How The Program Works
Step 1: Introductory Meeting
Meet with Melissa over the phone for an initial consultation.
Step 2: Fill out the Financial Worksheet
Financial Worksheet includes income, monthly expenses and debt.
Step 3: Financial Worksheet Review Meeting
During this one hour meeting, you and Melissa will review your Financial Worksheet and create a plan to plug financial leaks and streamline your spending.
Step 4: Report
Melissa will summarize your plan in a report giving you a clear path for moving forward.
Step 5: Follow Up Calls
A 15 minute follow up call is scheduled for a week later to see how the plan is working and to make adjustments. An additional follow up call is scheduled for 30 days later to check in and make additional alterations if necessary.
By Melissa Tosetti
Last night I taught an in-depth Savvy Money class as part of a PTA fund raiser for my son Dante's school. During the class, I talked about finding ways to save money for the things you want to buy or do such as vacations.
One of the attendees has been to several of my events in the past and is one of the savviest women I know. I've had the pleasure of getting to know here over the years and to hear about her adventures as she travels all over the world.
One of the ways she pays for her trips is with a side business that she has on top of her 9-5 job. She caters in-home tea parties. She brings the china as well as the tea and treats and the host doesn't have to lift a finger. Every few weeks she spends a few hours doing something she absolutely loves - catering tea parties - and the money she earns has taken her from one country to the next.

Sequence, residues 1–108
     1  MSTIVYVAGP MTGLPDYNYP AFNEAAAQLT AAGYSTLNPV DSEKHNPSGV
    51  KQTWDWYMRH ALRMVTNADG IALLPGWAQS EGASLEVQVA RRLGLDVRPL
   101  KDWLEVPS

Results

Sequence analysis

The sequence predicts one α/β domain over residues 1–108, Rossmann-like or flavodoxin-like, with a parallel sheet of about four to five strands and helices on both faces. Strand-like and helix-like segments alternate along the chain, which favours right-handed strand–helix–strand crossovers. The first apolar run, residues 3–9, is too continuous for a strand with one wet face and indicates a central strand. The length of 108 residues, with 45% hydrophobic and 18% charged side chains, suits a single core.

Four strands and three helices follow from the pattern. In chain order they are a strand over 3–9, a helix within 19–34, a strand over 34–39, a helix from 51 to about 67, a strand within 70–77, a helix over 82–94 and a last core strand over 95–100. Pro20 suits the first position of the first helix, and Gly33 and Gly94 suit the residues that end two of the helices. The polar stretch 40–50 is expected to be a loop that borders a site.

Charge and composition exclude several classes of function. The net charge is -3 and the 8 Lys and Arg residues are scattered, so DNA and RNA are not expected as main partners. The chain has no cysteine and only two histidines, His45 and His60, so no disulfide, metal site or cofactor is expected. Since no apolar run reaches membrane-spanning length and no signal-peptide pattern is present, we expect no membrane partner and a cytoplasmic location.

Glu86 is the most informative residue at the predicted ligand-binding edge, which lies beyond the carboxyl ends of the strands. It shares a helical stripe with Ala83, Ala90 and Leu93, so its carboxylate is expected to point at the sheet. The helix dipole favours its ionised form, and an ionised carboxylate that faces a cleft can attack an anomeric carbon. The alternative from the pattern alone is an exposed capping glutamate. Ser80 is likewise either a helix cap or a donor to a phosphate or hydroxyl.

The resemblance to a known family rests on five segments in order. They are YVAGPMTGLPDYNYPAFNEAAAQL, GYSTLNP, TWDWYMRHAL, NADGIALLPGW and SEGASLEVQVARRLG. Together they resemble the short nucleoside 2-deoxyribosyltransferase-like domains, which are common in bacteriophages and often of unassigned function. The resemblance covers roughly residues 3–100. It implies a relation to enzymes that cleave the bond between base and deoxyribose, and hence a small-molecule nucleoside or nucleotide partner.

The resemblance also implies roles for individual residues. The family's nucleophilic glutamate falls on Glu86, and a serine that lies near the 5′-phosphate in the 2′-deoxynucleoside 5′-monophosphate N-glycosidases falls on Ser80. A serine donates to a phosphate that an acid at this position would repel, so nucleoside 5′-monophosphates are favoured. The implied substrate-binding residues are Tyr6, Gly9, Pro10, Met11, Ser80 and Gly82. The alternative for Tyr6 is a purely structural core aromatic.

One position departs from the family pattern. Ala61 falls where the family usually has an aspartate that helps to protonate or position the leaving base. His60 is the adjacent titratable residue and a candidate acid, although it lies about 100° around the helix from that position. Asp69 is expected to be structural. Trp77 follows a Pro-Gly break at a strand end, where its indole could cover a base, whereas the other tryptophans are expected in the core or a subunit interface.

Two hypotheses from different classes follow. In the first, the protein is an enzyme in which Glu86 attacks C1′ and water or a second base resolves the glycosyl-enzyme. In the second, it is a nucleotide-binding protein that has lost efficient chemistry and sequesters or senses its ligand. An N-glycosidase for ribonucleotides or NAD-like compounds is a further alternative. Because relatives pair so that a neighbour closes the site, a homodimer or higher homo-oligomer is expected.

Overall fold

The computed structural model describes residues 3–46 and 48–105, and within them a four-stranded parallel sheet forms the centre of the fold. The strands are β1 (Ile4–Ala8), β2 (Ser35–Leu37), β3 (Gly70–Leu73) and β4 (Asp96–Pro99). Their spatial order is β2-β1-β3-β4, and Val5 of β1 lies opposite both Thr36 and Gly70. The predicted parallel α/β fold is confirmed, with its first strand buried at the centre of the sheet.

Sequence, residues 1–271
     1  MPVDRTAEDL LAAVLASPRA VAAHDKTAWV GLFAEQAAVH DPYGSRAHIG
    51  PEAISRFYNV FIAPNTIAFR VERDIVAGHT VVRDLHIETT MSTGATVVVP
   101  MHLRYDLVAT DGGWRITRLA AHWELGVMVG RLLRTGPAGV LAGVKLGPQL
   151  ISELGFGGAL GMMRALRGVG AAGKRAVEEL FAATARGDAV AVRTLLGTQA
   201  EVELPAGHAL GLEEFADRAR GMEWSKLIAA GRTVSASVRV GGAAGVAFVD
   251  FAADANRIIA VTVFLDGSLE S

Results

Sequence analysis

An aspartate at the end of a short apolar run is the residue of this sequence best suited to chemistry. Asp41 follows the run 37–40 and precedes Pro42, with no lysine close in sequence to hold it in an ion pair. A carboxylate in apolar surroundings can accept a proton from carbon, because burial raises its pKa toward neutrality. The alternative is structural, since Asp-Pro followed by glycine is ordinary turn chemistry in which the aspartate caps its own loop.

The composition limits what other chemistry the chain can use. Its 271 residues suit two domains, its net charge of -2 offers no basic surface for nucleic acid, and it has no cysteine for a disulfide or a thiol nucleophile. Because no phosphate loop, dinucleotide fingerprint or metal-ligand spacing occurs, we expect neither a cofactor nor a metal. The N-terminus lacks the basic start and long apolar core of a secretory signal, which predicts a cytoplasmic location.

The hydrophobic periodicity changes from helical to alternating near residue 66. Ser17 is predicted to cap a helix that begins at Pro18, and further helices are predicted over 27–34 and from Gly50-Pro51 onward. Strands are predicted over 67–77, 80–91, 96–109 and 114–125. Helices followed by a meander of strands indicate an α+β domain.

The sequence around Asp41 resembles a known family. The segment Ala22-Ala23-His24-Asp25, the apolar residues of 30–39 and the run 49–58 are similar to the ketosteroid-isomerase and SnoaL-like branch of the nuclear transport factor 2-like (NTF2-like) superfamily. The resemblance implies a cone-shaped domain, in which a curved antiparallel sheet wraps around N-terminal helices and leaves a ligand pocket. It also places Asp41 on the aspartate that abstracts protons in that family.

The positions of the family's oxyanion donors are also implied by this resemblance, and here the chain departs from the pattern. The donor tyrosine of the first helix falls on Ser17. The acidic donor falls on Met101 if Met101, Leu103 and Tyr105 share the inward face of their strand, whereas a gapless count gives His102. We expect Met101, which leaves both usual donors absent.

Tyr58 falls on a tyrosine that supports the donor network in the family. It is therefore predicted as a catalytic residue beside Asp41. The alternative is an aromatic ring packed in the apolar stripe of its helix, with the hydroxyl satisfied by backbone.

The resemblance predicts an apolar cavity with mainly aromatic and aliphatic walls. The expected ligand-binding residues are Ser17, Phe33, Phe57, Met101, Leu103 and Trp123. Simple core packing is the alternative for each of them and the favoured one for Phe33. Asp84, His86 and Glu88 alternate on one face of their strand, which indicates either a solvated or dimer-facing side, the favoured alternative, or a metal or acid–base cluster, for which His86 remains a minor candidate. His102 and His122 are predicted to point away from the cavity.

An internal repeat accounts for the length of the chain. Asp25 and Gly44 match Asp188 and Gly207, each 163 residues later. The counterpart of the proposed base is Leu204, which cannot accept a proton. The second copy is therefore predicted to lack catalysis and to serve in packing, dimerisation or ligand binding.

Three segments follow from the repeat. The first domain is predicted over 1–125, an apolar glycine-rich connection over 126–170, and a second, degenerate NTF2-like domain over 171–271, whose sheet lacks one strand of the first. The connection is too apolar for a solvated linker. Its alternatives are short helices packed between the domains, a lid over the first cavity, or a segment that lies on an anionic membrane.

One of the other attendees shared how she and her son saved their recycling money for two years which allowed them extra spending money on the family's trip to Disneyland.
There are so many different ways to either earn or save money for your adventures. It's just a matter of getting a little creative!
Intro by Melissa Tosetti
Last night I did a speaking engagement for Seivert & Associates in Turlock, California. Part of the presentation was focused on building a Savvy Wardrobe.
I challenged the audience to "shop their closet" and try on everything they own. As they try on each piece, to then ask themselves if they would buy it again. If the answer is "no", then give themselves permission to get rid of that item.
The goal is to get out of the habit of "buying clothes" and to build a wardrobe of clothes that make you feel wonderful.
This morning, I stumbled on this article from Real Simple magazine featuring 12 Secrets of the Closet Pros. It's been awhile since I've done a closet clean out of my own so I have decided to walk my own talk and shop my closet this weekend.
I've also been inspired by the Closet Pros article to purchase and install a Valet Hook to help me plan my outfits.
By Melissa Tosetti
My friend Adrienne is the host of the lifestyle blog The Rich Life on a Budget. Last November she wrote a post about committing to shop for used items in her article Secondhand First. In the article you can see some of the gorgeous used items she's managed to pick up.